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England’s right-back puzzle

England’s right-back puzzle


Trent Alexander-Arnold is arguably the best right-back in world football. Why isn’t he first choice for England?


Hi, I’m Andrew and this is the Playmaker. 

One story every day to make sense of the world of football. 

Today… the Alexander-Arnold question. 


What makes a good full-back? 

We could say pace and stamina, the ability to attack and defend on the wings. There’s crossing and passing… and if you can take set-pieces well, that’s a bonus. 

“Because once again, as we’ve talked about so many times over the last few weeks, it was wing-backs, full-backs, they’ve dominated the conversation after the game.”

“Yeah they have, and I think they’re playing prominent roles. I mean, you look at full-backs in the game in the last couple of years, they’ve been, in terms of touches of the ball throughout the season, they’ll be at the top of the charts, a lot of them.”

BT Sport

Let’s get personal. Who’s the best wing-back in the game today?  Arguably, it’s Trent Alexander-Arnold.  He’s deployed by Jurgen Klopp on the right-hand side of Liverpool’s back four. 

And he’s still only 23 years old. That makes him an automatic choice for Gareth Southgate and the England team. 

Or so you’d think. 

Because, Trent has made just one start for England at a major tournament – the match against  Belgium in the World Cup in Russia. 

Having already qualified for the knockout stages, Southgate made eight changes to the regular starting eleven.  And so Alexander-Arnold could be forgiven for thinking he was a second choice selection.

Now, with two World Cup qualifiers coming up this week – versus Albania and San Marino – Southgate is once again facing calls to give Alexander-Arnold a go. 

Klopp is puzzled about his lack of playing time for England. 

“But I didn’t understand it anyway. Because Trent Alexander-Arnold, for the last two years at least, let me say the season before and the season before, the stand out right-back in world football. At an unbelievable young age.”


The Telegraph said that Southgate “must make Alexander-Arnold his first choice.” Mark Lawrenson agrees.  Writing in his column for BBC Sport, the former Liverpool man said Trent does things that “make you go wow.”  Take last weekend…

“It’s Alexander-Arnold! Oh there was nothing that West Ham could do about that! Fabianski rooted, that was quality!”

“Just look at that. Postage stamp!”

Sky Sports

In terms of pure talent and attacking ability, it’s not hard to argue that Alexander-Arnold deserves to go straight into the England side.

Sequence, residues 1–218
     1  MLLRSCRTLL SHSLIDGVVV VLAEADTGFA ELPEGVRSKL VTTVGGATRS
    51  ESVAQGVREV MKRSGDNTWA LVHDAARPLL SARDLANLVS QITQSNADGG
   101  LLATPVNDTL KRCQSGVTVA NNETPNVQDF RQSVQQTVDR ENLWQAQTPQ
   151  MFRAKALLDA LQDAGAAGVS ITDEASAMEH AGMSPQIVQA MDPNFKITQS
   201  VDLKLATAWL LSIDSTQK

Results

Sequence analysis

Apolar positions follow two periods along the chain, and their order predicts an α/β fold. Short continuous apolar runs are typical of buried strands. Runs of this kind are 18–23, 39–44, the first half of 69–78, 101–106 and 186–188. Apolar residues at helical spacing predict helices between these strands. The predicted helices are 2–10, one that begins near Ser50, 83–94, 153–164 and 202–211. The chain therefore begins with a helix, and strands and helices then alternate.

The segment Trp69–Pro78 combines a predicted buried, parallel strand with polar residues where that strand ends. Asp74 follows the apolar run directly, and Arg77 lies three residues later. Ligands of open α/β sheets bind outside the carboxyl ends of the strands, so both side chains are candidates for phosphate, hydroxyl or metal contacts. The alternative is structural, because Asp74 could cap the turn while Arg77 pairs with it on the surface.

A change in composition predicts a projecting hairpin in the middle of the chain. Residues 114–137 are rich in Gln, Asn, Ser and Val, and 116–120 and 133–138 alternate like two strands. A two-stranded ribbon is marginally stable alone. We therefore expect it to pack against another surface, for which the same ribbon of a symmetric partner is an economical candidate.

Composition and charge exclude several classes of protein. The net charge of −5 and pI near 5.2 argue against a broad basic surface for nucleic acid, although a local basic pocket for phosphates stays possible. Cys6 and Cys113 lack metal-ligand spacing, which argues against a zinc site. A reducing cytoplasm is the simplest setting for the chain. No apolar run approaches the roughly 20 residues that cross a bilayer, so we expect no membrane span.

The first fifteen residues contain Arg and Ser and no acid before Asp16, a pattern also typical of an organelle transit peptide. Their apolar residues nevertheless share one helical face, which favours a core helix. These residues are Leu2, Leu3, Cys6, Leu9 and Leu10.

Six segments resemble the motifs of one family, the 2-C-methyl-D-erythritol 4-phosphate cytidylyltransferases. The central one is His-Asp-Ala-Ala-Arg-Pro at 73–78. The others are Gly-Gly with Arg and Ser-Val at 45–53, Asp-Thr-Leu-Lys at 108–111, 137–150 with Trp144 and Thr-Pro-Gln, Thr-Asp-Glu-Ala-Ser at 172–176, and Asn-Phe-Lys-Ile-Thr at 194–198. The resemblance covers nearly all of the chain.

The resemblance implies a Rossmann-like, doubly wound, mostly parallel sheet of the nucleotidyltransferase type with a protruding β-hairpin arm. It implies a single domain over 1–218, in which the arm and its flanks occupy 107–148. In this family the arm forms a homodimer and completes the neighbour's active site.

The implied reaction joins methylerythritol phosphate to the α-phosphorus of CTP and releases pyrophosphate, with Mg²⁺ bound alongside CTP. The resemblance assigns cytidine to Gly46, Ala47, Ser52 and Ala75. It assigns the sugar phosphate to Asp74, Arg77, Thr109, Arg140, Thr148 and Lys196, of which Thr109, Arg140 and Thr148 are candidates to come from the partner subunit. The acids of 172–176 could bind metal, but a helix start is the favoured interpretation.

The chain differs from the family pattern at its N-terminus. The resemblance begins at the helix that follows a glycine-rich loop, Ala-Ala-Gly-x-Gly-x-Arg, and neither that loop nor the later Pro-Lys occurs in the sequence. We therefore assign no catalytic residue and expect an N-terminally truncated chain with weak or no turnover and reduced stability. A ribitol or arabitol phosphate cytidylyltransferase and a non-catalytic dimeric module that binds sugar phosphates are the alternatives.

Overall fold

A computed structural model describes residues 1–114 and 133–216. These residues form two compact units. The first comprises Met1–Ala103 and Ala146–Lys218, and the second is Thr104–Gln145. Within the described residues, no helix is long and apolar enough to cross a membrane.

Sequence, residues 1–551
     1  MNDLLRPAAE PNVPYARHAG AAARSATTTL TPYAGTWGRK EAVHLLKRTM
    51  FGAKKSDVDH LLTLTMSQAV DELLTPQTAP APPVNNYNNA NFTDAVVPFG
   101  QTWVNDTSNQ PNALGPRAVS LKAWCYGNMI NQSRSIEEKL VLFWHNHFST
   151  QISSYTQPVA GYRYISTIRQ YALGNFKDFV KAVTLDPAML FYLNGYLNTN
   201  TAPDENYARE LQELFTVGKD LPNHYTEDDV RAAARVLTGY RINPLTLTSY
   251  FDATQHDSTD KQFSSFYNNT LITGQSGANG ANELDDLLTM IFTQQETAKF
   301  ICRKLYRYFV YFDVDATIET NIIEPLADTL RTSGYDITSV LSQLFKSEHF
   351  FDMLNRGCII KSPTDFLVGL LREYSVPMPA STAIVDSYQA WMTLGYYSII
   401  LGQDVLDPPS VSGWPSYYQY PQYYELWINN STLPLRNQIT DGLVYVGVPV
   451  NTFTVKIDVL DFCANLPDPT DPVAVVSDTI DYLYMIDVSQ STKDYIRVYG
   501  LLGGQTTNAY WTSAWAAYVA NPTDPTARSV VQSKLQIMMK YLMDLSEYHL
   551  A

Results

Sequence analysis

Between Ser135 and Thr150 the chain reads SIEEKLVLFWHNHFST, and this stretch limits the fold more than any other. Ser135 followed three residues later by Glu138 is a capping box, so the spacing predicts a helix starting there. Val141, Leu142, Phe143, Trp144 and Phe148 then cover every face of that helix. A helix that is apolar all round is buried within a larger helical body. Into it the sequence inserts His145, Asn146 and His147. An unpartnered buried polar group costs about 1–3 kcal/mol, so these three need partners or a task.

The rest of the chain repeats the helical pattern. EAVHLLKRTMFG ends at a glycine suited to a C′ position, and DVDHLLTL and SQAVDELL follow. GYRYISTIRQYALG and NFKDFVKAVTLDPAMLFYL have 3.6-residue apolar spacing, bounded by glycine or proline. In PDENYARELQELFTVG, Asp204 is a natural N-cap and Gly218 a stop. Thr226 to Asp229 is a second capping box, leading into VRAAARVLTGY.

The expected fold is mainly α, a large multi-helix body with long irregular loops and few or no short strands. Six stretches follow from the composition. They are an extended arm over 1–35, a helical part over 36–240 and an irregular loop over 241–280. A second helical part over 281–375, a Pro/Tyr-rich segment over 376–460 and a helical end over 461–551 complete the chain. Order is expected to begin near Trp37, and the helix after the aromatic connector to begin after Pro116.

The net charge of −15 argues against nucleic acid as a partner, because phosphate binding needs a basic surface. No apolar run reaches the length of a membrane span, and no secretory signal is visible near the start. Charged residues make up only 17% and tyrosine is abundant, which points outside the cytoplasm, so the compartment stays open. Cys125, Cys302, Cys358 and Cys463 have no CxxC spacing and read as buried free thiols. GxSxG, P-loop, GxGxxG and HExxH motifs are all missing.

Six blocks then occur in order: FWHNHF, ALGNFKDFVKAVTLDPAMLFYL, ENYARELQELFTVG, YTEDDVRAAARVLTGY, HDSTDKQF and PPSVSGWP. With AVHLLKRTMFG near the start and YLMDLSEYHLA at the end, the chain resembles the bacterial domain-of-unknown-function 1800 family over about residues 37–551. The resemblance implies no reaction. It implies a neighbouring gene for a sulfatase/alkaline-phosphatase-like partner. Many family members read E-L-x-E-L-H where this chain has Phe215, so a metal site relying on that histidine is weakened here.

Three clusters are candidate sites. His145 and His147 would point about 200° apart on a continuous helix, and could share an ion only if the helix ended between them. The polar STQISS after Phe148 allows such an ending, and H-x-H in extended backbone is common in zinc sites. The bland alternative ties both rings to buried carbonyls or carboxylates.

But as always in football, it isn’t quite that simple, as Gareth Southgate knows.  He likes to alter his formation. 

When playing a back four, he plumps for a skilled defender in the right-back role. And looking back at past team selections, it’s clear his preference is for Kyle Walker. 

Liverpool’s system usually allows other players to come across to cover if Trent is positioned high up the pitch. And even Klopp agrees that defending may not be Alexander-Arnold’s best attribute. 

“And he defends on a really high level for us as well, it’s not his first skill but it’s not bad. It’s really good.” 


Yet Southgate describes defending as the “bedrock” of his team.  

In a back three, Kyle Walker plays as the right-sided centre-back. That leaves a gap for the right wing-back in front of him. Freed from some of the defensive responsibility, that’s where Alexander-Arnold could come in.

Southgate has an interesting conundrum, because England have an abundance of talented right-backs.

Chelsea’s Reece James already plays at wing-back on the right-hand side of a 3-4-2-1 formation.  Southgate could slot him into the same role in the England side. 

And the England boss has already proved he trusts Atletico Madrid’s Kieran Trippier in that position too.  

Here’s what Southgate himself has to say about his choices at right-back.

“In my opinion that’s the first job of a defender, you’ve got to defend well. If then we’ve got good quality with the ball as well, then we can create chances, then that’s an added bonus and of course the players that we’ve got in the squad in the full-back positions can do both things so it’s about delivering that on a consistent basis and doing that in the international team as you step up.”

Sky Sports

So there we have it, straight from the horse’s mouth: a defender’s most important role is to defend rather than attack.

Those qualities we described at the start about the characteristics of the modern, attacking full-back are less important when you don’t play a Klopp style all-out attack. 

And perhaps it’s important to remember here that former England managers have been criticised for compromising their system so they can shoehorn talented players into the side that don’t work well together. 

Lampard and Gerrard, anyone?

For Southgate, it’s the other way round: the system comes first.

And that’s why one of our most exciting footballers may not be able to get into the England team.

Southgate’s supporters will argue that any coach who’s taken England to a World Cup semi-final and a European Championships final should be given the benefit of the doubt.  But his detractors will say safety first doesn’t win trophies.

Today’s episode was written by Chloe Beresford, and produced by Imy Harper.